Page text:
Molly’s lack of a love life is not for lack of imagination. She’s got crushes; it’s reciprocity that’s the problem. But never has she felt it so starkly as she is right now, watching her twin, Cassie, fall head over heels for a new girl. Cassie does her best not to leave Molly in the dust, pairing her up with a cuter guy than Molly ever dreamed of having. For the first time in her life, Molly has a chance to “catch up” to the romances around her…so why is she stuck thinking about the guy who fits in even worse than she does? I have never in my life fallen so hard, so fast for an entire cast of characters as I did while reading Albertalli’s sophomore novel, and I can’t watch to watch this book become a massive teen favorite.

Fireworks, by Katie Cotugno (April 11)
Katie Cotugno is one of my favorite instabuy authors, because she always brings something unique and nuanced to the YA moral complexity playground. With her third novel, Cotugno pulls us back into the 90s at the height of boy-band fandom, for a fabulous BFF contemp that reads like being backstage at American Idol. Dana’s only supposed to be keeping Olivia company at her girl-band audition; everyone knows her best friend’s the one with the singing chops. But when both of them get selected for stardom, it becomes increasingly clear there’s only room for one onstage. And if they can’t be buddies in the spotlight, can they stay buddies when they’re out of it?

North of Happy, by Adi Alsaid (April 25)
Carlos is a rule follower with a passion for cooking and a life path that has already been laid out for him, which he’s more than happy to follow. Until his brother is killed in a tragic accident, and Carlos starts hearing his voice guiding him to live the life less traveled. A dual citizen, Carlos runs away across the Mexican border to start a new life in the U.S. under the tutelage of his dream chef to the stars. But a little too much happiness throws everything into upheaval, and Carlos has to find the right middle ground of who he’s gonna be from here on out.

The Wonder of Us, by Kim Culbertson (April 25)
Riya and Abby are childhood best friends who’ve been torn apart by distance, and as determined as they were not to let the Atlantic get between them figuratively as well as literally, it may have proven to be too much for them to handle. But Riya has a plan to fix them: a six-week adventure around Europe. But what kind of BFF trip can you have when you haven’t spoken in weeks, and there are still so many things left you couldn’t say if you were?

And We’re Off, by Dana Schwartz (May 2)
Being an artist is in Nora’s blood. It’s a talent her grandfather not only passed down but is more than happy to nurture, to the tune of an all expenses paid trip to Europe. There’s only one condition: Nora has to send him an original piece of artwork at every stop. Not exactly a catch when you’re dying to paint across Europe! But Nora’s mother isn’t quite as excited as her daughter, and is afraid of how the trip might derail her future. After weeks of fighting, the time to leave has arrived, but things don’t go down quite as Nora planned. Because her beautiful, dreamy, artistic solo trip across Europe? Suddenly isn’t quite so solo anymore.

That Thing We Call a Heart, by Sheba Karim (May 9)
After getting into a fight with her best friend, Farah, Shabnam Qureshi makes some bad life choices that set her up for a totally boring and isolated summer. Then she meets Jamie, who’s working at his aunt’s pie shack and finds Shabnam totally entrancing. But Farah isn’t quite as enamored with Jamie as Shabnam is, and together, the two of them dig a little deeper not just into him but into her family’s past, specifically what happened to them during the Partition of India in 1947. Now Shabnam wants nothing more than the rebuild the relationships she’s wrecked, and to figure out who she truly is and what she wants.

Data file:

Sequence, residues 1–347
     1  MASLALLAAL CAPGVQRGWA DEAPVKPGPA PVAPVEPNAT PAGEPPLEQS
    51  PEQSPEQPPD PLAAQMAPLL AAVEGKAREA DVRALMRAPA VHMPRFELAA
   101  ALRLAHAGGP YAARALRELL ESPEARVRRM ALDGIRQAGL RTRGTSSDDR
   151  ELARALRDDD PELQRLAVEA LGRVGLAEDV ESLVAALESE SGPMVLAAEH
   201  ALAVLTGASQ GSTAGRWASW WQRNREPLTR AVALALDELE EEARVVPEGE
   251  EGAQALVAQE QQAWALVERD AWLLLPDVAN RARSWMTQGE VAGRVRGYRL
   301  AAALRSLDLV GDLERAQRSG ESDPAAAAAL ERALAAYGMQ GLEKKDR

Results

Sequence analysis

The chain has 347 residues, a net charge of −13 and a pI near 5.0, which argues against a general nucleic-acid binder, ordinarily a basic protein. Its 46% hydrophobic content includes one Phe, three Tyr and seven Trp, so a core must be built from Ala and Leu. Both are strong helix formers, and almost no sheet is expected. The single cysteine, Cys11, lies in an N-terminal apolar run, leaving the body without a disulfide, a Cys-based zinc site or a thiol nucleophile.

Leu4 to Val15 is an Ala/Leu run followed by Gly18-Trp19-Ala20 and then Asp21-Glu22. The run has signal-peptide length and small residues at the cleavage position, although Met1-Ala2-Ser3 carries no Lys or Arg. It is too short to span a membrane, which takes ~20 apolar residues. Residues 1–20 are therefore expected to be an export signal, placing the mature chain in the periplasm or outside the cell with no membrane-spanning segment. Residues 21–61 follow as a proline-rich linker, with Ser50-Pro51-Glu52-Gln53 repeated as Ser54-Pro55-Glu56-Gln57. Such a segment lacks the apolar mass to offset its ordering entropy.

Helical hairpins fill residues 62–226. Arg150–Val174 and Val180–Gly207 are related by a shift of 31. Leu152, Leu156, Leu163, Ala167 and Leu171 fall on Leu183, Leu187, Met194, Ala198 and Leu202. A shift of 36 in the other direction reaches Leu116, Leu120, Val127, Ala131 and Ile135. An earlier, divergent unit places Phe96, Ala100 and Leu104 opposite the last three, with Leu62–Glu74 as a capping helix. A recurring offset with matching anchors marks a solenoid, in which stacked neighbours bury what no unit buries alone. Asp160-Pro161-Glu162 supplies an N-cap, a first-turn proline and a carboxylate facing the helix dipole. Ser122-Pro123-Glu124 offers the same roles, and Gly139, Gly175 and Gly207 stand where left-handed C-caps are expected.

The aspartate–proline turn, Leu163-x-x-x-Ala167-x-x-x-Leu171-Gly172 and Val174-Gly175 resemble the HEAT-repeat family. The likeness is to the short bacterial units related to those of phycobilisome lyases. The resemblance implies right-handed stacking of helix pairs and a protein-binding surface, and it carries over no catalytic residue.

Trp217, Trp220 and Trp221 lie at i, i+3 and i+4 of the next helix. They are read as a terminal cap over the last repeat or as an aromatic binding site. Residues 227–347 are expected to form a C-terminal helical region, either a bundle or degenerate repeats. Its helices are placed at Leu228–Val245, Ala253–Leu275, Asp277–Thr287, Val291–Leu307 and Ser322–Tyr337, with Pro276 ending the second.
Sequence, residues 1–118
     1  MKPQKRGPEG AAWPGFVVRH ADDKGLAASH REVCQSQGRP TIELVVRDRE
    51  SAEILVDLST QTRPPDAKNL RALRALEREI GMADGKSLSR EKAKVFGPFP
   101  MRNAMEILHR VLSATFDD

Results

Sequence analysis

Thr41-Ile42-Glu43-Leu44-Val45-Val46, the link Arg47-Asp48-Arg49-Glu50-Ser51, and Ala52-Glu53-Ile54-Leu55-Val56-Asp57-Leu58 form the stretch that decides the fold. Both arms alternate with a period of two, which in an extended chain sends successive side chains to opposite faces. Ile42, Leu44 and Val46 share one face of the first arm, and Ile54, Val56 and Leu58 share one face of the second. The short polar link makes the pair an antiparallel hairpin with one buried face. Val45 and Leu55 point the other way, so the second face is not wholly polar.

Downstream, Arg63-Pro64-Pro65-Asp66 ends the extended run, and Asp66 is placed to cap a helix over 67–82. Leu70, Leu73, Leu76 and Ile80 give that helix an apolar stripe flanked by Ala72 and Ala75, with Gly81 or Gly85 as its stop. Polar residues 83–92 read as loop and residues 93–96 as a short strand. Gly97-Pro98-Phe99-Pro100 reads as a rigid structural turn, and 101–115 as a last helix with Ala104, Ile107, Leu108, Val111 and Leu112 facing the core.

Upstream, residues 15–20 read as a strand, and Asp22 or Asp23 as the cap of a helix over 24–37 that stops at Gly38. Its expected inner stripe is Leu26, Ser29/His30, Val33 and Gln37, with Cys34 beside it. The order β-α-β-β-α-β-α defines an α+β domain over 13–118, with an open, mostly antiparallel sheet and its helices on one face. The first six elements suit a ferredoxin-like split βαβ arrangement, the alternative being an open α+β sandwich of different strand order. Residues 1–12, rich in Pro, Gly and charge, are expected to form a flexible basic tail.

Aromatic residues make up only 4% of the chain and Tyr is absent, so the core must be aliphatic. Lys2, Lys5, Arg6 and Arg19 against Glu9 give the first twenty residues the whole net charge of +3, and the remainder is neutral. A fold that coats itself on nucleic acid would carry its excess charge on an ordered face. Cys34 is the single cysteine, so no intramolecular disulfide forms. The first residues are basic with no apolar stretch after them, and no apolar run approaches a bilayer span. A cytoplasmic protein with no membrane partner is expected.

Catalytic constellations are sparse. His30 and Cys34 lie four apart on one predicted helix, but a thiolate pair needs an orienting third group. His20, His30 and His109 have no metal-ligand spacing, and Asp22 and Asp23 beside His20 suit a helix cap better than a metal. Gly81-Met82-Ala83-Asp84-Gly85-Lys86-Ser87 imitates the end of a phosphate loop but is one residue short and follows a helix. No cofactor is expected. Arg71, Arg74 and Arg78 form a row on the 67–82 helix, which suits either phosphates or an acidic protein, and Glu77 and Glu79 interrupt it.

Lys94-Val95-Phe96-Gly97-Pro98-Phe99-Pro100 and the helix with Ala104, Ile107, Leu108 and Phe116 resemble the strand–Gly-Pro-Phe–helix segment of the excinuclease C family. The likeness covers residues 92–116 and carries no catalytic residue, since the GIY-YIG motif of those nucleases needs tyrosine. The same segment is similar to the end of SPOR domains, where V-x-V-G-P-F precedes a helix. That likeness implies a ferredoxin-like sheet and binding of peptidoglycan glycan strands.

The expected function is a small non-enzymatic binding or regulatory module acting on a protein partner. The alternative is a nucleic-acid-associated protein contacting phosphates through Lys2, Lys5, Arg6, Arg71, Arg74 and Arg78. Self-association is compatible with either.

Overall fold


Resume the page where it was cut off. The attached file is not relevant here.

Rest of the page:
In a Perfect World, by Trish Doller (May 23)
Ever since her debut, Something Like Normal, Doller has been a personal fav. Everything she writes jumps onto my to-read list, and her newest is no exception. Caroline’s summer is thrown into upheaval when her mother opens an eye clinic in Egypt, taking her family from Ohio to North Africa in a heartbeat. Caroline’s dreading spending her summer and beyond surrounded by the unfamiliar, but what she doesn’t expect is to fall in love with her new home, and a wonderful new guy in it.

I Believe in a Thing Called Love, by Maurene Goo (May 30)
Desi has mastered a lot in her academic and intellectual life, but her impressive skill set doesn’t quite extend to romance. More specifically, she has never had a boyfriend, and if you’ve ever seen her try to flirt, you’ll understand why. But Desi’s ready for a change, and she knows the perfect source for her education: K-Dramas! If the heroines in her father’s favorite TV shows can find love, so can she, right? But reality isn’t exactly like it appears onscreen, and Desi has a lot to learn about life, love, and the art of pursuit. If there’s anyone I trust to rock this premise with a whole lot of heart and humor, it’s the author of Since You Asked.

Bad Romance, by Heather Demetrios (June 13)
Demetrios has an absolutely killer record with excellent contemps that cut unexpectedly deep and pull no punches when talking about the tougher side of adolescent life, so this one is absolutely at the top of my to-read list. Grace needs to escape her life, to get out of her house and away from the mother and stepfather who make her feel like she can’t breathe, let alone be the vibrant, cosmopolitan artist she dreams of being. So when she meets the charismatic and talented Gavin, he feels like the first stroke of good luck she’s had in a long time. Which means she can overlook the fact that he’s controlling, manipulative, and downright dangerous; after all, he loves her, and isn’t he the only one who does? But what happens when the relationship you’ve used to escape everything else in your life becomes the worst trap of all?